It’s hard to share just exactly how captivating that midnight moon was. In a half-tired state, I grabbed my camera for a mini-photo shoot to try to capture its beauty. This photo doesn’t do it justice.
A couple of things:
1. The moon will never look just like that again. Isn’t that a wonderful thing to consider?
2. Standing there in my pajamas and house shoes on my back deck, snapping away in the iciness of twenty degrees, snow on the ground and icicles overhead, I felt truly alive. This is the type of moment that reminds me I still have it. That old fire to discover, to experience, to create. Even when it isn’t easy or comfortable. Even when nothing to show comes of it.
That feeling. That’s the keepsake of that midnight oil.
Brainstorming can be a randomly beautiful thing, with no structure, just shouting it all out: a worthy idea appears. Sometimes that is enough. Other times, putting a new lens or technique on a problem is helpful. If you need more of that, I’d recommend checking out Graphic Design Thinking: Beyond Brainstorming by Ellen Lupton.
Many of the techniques will be familiar for creative agency types. Mind-mapping. Sprinting. Co-design. Each description is simple and concise, and as a whole, the book provides a great overview of techniques. Even if you already know them, no matter. Where the book really shines is the real world examples paired with each technique. It’s incredibly inspiring.
One example of collaboration, the Reinvent Mural really struck me. A group of designers collaborated to create a a series of images for a gallery installation. Each image leads to the next, a similar shape, but also something new.
It got me thinking of it as a sort of a visual version of the telephone game, or chinese whispers. Remember that old game? The one in which words are whispered into the next person’s ear, on down the line, and then, ta da! Out the other end comes, more often than not, an entirely different word or phrase.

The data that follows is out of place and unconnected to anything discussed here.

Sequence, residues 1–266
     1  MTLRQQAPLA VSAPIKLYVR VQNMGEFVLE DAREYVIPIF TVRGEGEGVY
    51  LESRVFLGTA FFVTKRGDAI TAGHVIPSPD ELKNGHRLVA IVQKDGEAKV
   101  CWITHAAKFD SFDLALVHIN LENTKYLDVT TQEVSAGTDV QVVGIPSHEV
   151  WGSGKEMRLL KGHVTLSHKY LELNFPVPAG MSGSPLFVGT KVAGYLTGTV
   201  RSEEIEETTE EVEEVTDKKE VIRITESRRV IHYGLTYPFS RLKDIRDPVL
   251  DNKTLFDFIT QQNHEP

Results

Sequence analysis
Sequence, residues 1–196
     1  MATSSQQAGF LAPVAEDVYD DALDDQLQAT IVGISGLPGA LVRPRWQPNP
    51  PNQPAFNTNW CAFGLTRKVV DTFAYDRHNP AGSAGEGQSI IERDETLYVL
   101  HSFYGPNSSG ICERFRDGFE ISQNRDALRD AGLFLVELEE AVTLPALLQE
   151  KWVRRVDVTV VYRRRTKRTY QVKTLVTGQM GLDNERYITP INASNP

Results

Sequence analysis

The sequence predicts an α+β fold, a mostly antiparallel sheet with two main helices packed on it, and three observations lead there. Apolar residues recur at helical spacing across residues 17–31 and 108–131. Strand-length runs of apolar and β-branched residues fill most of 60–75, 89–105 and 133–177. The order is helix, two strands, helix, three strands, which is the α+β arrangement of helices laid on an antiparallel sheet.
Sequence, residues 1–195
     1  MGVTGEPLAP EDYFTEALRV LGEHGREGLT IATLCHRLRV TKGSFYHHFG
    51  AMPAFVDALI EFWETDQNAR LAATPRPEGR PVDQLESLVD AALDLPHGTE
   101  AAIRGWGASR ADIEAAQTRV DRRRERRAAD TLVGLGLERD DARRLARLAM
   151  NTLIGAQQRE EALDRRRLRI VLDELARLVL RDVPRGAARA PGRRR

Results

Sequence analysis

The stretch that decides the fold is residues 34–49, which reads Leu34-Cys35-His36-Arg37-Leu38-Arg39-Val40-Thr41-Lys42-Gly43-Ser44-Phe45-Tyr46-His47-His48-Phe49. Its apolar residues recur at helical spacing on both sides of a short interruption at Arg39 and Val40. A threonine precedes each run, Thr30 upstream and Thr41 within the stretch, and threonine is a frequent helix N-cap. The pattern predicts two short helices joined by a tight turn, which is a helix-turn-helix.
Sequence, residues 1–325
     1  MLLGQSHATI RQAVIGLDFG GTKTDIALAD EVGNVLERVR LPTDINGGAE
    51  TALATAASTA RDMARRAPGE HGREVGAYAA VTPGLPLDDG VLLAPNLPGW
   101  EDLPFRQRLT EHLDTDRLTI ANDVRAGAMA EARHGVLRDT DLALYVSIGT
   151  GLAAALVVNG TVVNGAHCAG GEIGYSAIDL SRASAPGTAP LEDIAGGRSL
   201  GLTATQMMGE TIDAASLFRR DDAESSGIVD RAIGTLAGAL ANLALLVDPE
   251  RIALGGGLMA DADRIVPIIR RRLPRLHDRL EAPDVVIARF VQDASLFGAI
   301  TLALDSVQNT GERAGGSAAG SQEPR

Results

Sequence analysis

It might be a silly child’s game, but it very effectively illustrates the potential for re-framing, even total warping in human communication. Each individual perception, each new touch has incredible power to shift things.
I played around with this idea in a quick sketching session. Oh, the strange paths that can unfold out of the brain!
Parentheses >; Black-eyed peas >; Macaroni >; Old school telephone handset >; Magnet >; Lightning bolt. This ended pairing the pea and the bolt, a bit of nonsensical fun.
From Indiana >; Creepy bird mask >; Tornado >; Stairs.
Or another path:
Indiana >; Thought bubble >; Whale.
X >; Pliers >; Tooth >; Rockin’ guitar >; Rocket >; Spotted shark.
This was a solo experiment, but as fascinating as it is to marvel at the leaps one mind can make, a group application is what I’m more interested in. For this experiment, I’d set it up so that only the first participant sees the source image, and each to follow would see only the most recent sketch in the series.
The reason I’m so taken with this is this: it reminds me of how brands evolve as they’re carried. As an organization, we may design a logo, choose our words or how we want people to feel, but the moment it’s out in the world, it gets touched, shaped and shifted by others. Customers, fans, friend or foe can perceive what they will and share your brand with others through their own filter. Like it or not.
Think about this: if you were to telephone sketch your logo, where would it take you? If your customers or fans did it, where to then?
I’ve been here before. Standing at the end of the sidewalk of another year, thinking how fast time vanishes and how little I have to show for it.
In work and volunteering, I’m very driven toward excellence. I don’t always achieve it, but in the process I give much of myself (energy, time). The sum of that effort has often left me falling short on more personal goals and pursuits. At the end of long days and weeks, it’s quite easy to deserve relaxation and forgo all other priorities.
Understanding the balance of discipline and creativity.
I’ve seen the fruit discipline bears this year more than any other, namely in the pursuit of health. Think Kit, too, has had a hand in this realization that’s been in the making for the last six months. Looking back on this and the last 30 posts, not all are created equal. While there are a few I’d gladly scratch from the blog, more powerful that that: I can write and create daily.
Discipline. Why have I resisted you so thoroughly for so long?
I’ve prized chaos, surprise, even random luck. I’ve frowned at a life too scheduled, convincing myself structure equals rigidity, fearing discipline would snuff out any chance for surprise and delight.